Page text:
Someone will shoot. And someone will die.
#1 New York Times bestselling author Ellen Hopkins tackles gun violence and white supremacy in this compelling and complex novel.
People kill people. Guns just make it easier.
A gun is sold in the classifieds after killing a spouse, bought by a teenager for needed protection. But which was it? Each has the incentive to pick up a gun, to fire it. Was it Rand or Cami, married teenagers with a young son? Was it Silas or Ashlyn, members of a white supremacist youth organization? Daniel, who fears retaliation because of his race, who possessively clings to Grace, the love of his life? Or Noelle, who lost everything after a devastating accident, and has sunk quietly into depression?
One tense week brings all six people into close contact in a town wrought with political and personal tensions. Someone will fire. And someone will die. But who?
Ellen Hopkins is known for her honest, gripping, and raw novels that combine different writing styles, characters, and harrowing experiences that are sure to shock you and will make you think. I fell in love with her writing back when … Continue reading
Vanilla and Hunter have been dating since seventh grade. They came out together, navigated middle school together, and became that couple in high school that everyone always sees as a couple. There are complications and confusions, for sure. But most of all, they love each other.As high school goes, though, and as their relationship deepens, some cracks begin to show. Hunter thinks they should be having sex.Vanilla isn't so sure. Hunter doesn't mind hanging out with loud, obnoxious friends.Vanilla would rather avoid them. If they're becoming different people, can they be the same couple? Falling in love is hard. Staying in love is harder.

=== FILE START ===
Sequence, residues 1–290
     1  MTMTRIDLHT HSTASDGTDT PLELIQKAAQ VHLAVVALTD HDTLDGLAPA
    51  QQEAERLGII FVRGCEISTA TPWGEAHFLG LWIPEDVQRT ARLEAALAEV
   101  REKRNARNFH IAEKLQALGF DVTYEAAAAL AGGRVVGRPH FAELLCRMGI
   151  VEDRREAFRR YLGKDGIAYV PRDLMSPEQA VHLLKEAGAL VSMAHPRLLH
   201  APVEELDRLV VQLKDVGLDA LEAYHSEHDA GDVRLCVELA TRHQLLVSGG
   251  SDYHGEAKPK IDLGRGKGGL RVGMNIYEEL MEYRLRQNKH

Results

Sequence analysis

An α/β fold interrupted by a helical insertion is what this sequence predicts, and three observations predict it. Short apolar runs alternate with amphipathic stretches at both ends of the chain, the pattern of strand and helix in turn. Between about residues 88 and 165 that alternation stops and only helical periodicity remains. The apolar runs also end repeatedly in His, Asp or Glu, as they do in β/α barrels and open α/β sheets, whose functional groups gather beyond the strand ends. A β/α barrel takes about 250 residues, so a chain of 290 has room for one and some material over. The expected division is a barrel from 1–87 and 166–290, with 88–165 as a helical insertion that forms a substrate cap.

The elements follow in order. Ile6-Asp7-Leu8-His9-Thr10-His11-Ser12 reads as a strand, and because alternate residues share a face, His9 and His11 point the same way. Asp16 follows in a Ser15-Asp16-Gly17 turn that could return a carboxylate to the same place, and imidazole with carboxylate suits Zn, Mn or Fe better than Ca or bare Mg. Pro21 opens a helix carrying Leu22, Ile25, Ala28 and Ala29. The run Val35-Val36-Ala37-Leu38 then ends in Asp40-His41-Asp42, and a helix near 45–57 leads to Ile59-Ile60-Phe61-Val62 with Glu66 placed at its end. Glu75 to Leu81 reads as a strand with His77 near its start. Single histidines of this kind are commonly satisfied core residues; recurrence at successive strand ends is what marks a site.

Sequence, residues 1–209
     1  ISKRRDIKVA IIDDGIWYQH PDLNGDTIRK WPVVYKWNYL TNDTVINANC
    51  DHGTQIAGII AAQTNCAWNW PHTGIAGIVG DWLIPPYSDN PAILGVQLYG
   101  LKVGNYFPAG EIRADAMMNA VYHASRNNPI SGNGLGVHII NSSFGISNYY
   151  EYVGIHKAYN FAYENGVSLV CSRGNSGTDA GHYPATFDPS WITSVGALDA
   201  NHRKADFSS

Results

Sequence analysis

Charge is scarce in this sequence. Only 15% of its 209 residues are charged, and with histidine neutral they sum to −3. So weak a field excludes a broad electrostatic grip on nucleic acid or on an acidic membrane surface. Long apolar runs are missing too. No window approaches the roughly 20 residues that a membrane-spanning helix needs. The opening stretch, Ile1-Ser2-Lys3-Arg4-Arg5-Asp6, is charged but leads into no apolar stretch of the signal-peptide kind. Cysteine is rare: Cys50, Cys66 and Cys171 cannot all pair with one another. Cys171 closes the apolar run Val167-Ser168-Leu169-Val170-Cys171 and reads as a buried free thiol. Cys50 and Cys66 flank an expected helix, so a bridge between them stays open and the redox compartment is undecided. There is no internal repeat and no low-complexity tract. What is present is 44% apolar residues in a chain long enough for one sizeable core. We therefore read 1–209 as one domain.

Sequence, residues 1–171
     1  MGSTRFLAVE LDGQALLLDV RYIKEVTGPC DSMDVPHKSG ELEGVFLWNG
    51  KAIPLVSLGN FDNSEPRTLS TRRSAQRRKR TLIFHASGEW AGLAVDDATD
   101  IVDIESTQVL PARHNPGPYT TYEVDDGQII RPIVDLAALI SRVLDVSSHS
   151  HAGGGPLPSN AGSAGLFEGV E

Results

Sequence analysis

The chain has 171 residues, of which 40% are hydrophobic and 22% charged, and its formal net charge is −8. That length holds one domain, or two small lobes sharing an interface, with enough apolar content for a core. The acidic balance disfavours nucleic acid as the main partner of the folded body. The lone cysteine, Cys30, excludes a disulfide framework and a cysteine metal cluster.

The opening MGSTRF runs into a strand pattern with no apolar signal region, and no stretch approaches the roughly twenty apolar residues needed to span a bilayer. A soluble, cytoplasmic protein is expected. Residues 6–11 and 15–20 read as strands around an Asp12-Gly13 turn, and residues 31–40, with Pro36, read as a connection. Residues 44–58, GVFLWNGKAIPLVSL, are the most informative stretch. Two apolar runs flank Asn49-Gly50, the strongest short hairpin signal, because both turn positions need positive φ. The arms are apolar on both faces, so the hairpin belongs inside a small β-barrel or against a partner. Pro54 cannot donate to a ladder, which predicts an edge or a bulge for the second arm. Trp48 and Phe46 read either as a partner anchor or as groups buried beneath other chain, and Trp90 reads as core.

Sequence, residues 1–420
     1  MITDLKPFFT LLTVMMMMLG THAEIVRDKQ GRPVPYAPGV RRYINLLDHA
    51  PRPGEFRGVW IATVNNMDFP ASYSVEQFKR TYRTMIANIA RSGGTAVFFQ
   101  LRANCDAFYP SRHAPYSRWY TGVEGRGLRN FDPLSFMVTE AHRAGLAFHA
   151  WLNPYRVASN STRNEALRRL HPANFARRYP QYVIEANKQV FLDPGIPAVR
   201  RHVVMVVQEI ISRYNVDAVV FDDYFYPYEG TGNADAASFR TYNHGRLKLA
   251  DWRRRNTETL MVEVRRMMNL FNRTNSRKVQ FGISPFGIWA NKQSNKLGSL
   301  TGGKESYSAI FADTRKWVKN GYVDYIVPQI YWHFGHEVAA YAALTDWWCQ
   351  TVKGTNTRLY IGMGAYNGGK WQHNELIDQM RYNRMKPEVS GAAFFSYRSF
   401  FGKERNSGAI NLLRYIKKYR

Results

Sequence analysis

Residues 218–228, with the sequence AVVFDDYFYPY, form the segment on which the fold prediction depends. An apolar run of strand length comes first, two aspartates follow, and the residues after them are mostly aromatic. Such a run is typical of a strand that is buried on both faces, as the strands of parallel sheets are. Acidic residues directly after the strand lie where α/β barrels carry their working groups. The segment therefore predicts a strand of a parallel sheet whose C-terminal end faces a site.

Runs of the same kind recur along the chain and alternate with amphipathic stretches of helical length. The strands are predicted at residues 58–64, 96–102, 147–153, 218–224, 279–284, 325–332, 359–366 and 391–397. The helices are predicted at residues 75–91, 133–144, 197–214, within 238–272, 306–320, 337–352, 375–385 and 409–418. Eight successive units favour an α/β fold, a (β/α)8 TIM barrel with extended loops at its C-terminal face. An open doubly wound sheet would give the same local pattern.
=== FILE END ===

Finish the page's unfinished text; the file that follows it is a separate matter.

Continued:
Boy this is a hard review to write. Vanilla has been getting a bit of backlash from the book community lately, and I wasn’t sure why – I mean, don’t get me wrong, the book isn’t perfect, but as a … Continue reading
So many moments—big and small—make up a year, and Beth Ain chronicles them all in this heartwarming novel in verse, perfect for fans of Fish in a Tree and verse novels like Brown Girl Dreaming and The Crossover.
Fourth grade is here, and Izzy Kline is nervous! There are plenty of reasons for the butterflies in her stomach to flap their wings. There’s a new girl in her class who might be a new best friend. The whole grade is performing Free to Be . . . You and Me—and Izzy really wants a starring role. And new changes at home are making Izzy feel like her family is falling apart. First-day jitters, new friends, an audition . . . How many butterfly problems can one fourth grader take?
Izzy Kline is going to fourth grade, and she’s nervous about it. She spends her time wondering what the year is going to entail for her – who will be her friend? Will she get the lead spot in the … Continue reading